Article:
Voting By The NumbersA Critique of Polling and Politics
Throughout the 1980s, the Reagan Administration reformed the tax code in much the same way that the guillotine reformed Louis XVI. The administration trumpeted polls in which Americans came out in favor of their actions as justification—proof that their policies were legitimate. In contrast, polls regarding the administration’s continued support of the Nicaraguan Contras—which were consistently negative—were ignored by the administration. Within this juxtaposition even the most doe-eyed observer can see that something is amiss. The populist, democratic mechanism used for the justification of one policy is quickly dismissed when it contradicts the agenda of the administration. Should this surprise us? Not in the slightest. The ethos of polling is fundamentally bankrupt.
The stormiest season of the poll coincides with that special time every four years- election season, where the middle class is pandered to, the unemployed are promised to in saccharine tones, and the wealthy are reassured in their position. Polling has become, by and large, the most interesting and ersatz substitute not only for real reflection and analysis, but also for interrogation and research. It is a mathematical assurance of euphemism. It allows for semi-authoritative glibness from and among people who otherwise are too apathetic or lack the capability to form a coherent opinion. It also gives the pollsters and their clients a numerical bible to pound down upon, and one that updates itself continuously.
To see this panopticon in action one must only look as far as the fatuously named website, “RealClearPolitics.” The name alone impresses all the dubiousness of the woman who must refer to herself as “ladylike.” One of the prominent functions of this website is the assemblage of numbers regarding the answers to what are genteelly referred to as “forced choice” questions. A forced choice question is, “Do you approve of Obama’s job as President?” Immediately, anyone with a pulse feels the strong inclination to ask (at least to themselves, if not out loud):”What the hell is that supposed to mean, and why should I answer it?” This type of answer is usefully known as an “inconsistency.”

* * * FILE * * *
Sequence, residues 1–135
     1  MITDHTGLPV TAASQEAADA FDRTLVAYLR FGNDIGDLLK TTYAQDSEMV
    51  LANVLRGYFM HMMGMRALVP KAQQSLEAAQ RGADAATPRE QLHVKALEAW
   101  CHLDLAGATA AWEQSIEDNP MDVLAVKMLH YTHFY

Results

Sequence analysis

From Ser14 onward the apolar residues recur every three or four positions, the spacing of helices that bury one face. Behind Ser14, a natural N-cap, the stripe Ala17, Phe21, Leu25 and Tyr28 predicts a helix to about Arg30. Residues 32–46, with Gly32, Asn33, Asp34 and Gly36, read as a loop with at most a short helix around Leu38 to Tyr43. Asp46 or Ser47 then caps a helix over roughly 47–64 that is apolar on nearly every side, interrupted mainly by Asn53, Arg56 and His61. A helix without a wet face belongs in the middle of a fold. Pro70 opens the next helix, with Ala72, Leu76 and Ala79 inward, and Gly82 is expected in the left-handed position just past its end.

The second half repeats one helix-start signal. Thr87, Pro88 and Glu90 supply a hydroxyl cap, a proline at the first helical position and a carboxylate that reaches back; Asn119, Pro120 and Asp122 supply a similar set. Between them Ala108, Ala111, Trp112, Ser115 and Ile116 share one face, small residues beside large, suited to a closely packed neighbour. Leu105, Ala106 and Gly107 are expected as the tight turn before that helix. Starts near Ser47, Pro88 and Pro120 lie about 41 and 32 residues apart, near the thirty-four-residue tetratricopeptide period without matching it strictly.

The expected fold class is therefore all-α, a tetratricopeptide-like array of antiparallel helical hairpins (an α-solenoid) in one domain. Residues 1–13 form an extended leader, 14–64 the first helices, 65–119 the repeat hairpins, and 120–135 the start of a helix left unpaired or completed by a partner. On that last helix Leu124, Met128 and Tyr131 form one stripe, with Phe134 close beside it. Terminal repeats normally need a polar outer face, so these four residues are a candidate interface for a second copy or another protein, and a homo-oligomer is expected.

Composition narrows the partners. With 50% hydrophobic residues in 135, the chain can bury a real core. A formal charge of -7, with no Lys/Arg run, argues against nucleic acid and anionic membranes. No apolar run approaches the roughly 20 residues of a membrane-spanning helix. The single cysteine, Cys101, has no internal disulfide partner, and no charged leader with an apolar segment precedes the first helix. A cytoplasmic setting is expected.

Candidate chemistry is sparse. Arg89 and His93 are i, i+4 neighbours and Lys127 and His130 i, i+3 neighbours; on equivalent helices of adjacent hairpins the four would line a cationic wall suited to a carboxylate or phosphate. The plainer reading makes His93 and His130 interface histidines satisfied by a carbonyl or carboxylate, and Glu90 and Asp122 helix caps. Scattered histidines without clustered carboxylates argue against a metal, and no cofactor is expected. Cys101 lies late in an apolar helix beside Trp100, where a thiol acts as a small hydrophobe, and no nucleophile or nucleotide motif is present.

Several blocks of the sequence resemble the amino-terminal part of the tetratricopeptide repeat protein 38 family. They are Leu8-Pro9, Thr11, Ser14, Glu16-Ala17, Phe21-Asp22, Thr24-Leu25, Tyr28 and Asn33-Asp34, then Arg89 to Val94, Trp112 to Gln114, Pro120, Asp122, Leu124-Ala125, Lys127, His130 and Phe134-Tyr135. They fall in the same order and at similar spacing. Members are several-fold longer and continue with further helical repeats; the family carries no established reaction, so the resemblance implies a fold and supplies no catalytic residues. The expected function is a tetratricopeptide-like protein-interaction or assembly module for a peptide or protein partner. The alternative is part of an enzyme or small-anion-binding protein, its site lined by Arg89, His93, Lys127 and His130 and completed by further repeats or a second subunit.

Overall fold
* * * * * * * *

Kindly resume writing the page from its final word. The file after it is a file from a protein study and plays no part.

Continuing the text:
The term pollster was coined as an insult of sorts (note the phonic similarity with huckster) in a 1949 book written by political scientist Lindsay Rogers. Rogers was concerned that if only the right questions were asked, then the most favorable answers would in turn be received by whatever party set up the inquiry. This would tend to incrementally contract the debate by framing not only the questions, but also the answers. Thus the possibility, or rather probability, that an unaccounted-for opinion may emerge becomes increasingly rare. So, the end result is twofold: first, polling is an easy way to “get a story.” It is a garnish that may be strutted right below and to the left of the headline. The paper can then in turn congratulate itself for providing the readers with a salubrious portion of “objective information.”
The reality is, once you have committed yourself to a particular side, you have made what may be the least interesting about yourself a point of the utmost importance.
Once you say, “I am anti-war”, you are tagged like an endangered bird, and become effectively only that. It is that single point of interest, the “forced choice” that gives polls such power. More and more, the democratization of polls and their results leads less and less to the democracy that a pollster would make you believe it serves.